Tuesday, December 29, 2009

Parliamentary Committee on Defense Not Satisfied With Indian Security

Pakistan is building 69 new bunkers on our Western borders, Chinese Army transgressing our Eastern Boundary in Ladakh and Arunachal Pradesh almost every second day as if on picnic and both these countries now openly joining hands against India, should have been sufficient enough reasons for Ministry of Defence (MOD) in India to wake up and take immediate corrective measures. Not so if the current report on functioning of MOD, tabled by the Parliamentary Committee on Defense in Parliament on 16 Dec 09 is taken into account.

Kudos to this body of Indian legislatures, who cutting across party lines have taken serious note of this lackadaisical attitude of people in power concerning India’s security. The report points out that while the three wings of Indian Armed Forces are working on the ‘Long Term Perspective Plan 2012-2027’ taking the ‘11th Five Year Defence Plan 2007-2012’ as their base, it is shocking that the Indian political masters and the bureaucrats straddling the MOD, have not yet approved this five year plan, even though it is three years over date.

Based on Kargil Committee recommendations the Indian Government in 2003 had approved the plan of setting up a federal Defense Intelligence Agency (DIA) under MOD whose job was to oversee the functioning of the Intelligence Agencies of the three services, at the same time it was required to coordinate between the other central and state intelligence agencies. Even after six years have gone by, no effort has been made to make this operational.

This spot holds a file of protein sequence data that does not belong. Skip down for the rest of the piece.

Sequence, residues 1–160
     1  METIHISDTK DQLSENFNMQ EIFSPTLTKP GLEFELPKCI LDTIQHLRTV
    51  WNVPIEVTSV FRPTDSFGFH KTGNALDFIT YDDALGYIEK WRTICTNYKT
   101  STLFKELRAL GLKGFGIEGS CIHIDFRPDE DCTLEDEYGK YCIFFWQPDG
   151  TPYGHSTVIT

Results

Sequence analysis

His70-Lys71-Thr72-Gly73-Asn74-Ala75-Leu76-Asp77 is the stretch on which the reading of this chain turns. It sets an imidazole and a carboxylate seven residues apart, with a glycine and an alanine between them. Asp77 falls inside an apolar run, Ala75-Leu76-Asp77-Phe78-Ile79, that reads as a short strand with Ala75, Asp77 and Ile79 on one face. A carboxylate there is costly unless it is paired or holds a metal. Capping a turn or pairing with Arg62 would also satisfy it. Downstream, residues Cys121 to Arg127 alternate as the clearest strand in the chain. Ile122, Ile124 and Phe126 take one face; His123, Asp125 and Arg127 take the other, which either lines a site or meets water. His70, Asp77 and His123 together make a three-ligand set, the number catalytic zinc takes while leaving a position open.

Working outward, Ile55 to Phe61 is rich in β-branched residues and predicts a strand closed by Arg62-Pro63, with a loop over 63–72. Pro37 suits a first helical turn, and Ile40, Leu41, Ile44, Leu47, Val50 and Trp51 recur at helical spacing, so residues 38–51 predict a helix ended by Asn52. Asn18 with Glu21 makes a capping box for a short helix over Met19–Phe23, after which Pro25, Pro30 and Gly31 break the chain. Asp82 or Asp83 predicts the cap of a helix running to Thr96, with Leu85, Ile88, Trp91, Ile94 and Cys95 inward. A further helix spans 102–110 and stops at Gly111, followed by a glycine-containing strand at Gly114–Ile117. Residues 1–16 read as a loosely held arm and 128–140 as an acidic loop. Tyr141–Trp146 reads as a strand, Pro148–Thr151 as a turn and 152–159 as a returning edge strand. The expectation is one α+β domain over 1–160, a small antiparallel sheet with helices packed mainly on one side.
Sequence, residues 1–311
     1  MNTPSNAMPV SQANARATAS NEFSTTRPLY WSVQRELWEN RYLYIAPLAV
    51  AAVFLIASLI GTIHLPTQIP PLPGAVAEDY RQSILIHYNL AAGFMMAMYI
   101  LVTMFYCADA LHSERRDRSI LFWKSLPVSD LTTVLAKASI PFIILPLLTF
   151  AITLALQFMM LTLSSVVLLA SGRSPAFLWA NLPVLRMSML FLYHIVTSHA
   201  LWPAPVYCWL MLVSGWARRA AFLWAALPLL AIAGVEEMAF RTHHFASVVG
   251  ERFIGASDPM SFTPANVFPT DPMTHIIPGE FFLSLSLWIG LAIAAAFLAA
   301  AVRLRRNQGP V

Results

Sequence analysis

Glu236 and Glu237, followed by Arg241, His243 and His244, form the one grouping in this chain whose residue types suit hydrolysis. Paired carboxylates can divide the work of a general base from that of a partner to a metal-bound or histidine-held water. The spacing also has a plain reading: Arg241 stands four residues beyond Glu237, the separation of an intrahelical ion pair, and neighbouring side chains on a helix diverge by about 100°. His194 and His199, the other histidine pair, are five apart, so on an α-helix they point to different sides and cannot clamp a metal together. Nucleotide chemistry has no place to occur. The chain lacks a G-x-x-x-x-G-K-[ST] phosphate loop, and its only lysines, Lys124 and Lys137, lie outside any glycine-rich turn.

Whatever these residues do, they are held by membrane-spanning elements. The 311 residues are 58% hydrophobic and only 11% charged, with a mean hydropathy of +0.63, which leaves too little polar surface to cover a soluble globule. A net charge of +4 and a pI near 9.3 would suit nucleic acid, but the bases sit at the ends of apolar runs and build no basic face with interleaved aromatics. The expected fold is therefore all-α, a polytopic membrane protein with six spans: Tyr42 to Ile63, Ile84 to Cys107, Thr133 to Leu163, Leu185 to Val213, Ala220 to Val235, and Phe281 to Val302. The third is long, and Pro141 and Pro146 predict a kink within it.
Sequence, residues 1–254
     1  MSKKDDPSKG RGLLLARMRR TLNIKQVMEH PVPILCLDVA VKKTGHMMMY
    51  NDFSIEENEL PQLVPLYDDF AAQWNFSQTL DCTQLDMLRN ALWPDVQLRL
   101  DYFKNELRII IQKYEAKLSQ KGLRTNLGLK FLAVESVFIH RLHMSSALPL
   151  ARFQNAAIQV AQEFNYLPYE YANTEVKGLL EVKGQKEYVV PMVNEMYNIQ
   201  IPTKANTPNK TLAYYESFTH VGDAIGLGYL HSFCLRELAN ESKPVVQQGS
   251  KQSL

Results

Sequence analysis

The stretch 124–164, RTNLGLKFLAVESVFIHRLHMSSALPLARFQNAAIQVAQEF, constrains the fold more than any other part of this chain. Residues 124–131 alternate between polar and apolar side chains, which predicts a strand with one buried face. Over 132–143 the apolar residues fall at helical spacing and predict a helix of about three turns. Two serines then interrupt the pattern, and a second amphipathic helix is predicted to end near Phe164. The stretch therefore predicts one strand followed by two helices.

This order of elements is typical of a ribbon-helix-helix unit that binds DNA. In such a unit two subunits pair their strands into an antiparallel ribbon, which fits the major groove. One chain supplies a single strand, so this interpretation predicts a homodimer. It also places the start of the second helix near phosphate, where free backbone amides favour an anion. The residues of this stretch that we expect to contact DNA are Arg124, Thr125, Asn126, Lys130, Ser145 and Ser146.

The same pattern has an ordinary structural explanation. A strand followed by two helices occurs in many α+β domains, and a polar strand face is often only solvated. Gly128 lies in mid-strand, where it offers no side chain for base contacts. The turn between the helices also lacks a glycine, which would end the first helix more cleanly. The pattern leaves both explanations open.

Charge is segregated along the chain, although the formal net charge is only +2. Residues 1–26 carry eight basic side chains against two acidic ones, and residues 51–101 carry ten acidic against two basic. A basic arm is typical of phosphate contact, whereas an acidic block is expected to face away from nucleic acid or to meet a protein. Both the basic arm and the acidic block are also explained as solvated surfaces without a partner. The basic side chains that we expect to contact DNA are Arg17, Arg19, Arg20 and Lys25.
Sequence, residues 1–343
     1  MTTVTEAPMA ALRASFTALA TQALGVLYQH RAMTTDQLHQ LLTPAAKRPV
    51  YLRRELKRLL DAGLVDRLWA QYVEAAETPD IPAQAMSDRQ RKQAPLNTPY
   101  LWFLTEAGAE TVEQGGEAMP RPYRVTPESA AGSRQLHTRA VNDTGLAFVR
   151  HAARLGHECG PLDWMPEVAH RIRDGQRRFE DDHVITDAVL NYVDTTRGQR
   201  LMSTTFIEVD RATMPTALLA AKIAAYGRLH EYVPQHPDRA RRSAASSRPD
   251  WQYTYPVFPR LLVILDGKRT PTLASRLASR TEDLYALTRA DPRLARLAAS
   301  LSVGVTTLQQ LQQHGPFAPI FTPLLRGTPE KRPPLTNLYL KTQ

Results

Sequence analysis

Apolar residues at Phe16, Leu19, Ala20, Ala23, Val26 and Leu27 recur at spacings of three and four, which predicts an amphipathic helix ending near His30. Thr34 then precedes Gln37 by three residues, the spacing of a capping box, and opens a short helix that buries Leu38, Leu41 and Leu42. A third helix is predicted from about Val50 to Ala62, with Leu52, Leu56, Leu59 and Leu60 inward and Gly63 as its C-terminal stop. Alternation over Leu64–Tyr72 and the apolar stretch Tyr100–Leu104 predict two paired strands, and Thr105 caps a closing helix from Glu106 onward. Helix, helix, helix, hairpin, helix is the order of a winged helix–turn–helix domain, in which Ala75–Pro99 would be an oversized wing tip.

Another decision aimed at better functioning of the MOD and timely decision making was that the three service headquarters will be fully integrated with the MOD and Armed Forces officers will also be posted on joint secretary and additional secretary posts which currently remains the exclusive domain of the bureaucrats. This proposal is also gathering dust.

We in India never tier off in telling all and sundry that we are a regional power in Asia on the way to become a global power. Nevertheless all the three wings of the Armed Forces are still functional on the organizations evolved prior to Second World War days. It is pathetic that our MOD has not thought it prudent till date to appoint an expert committee to recommend the reorganization of the three services keeping in view the modern technology and passage of time. This has been brought out by this Parliamentary Committee. Similarly when Chinese Navy is making stupendous accretions and China is busy ringing India with its operational bases in Pakistan, Myanmar, and SriLanka we in India continue to have critical shortages of manpower and equipment in our only Tri Service Andaman and Nicobar Command.

What is most shocking is that in 2003, based on the recommendations of the GOM, then NDA Government had decided to implement the Chief of Defense Staff (CDS) System in India also. This system is being followed in America, Britain, France and 67 other countries. The only rider was that before implementation, a political consensus will be obtained. The CDS system is required to coordinate the functioning of the three services which tend to pull in different directions and bring in synergy in them. What is most important is a common doctrinal platform.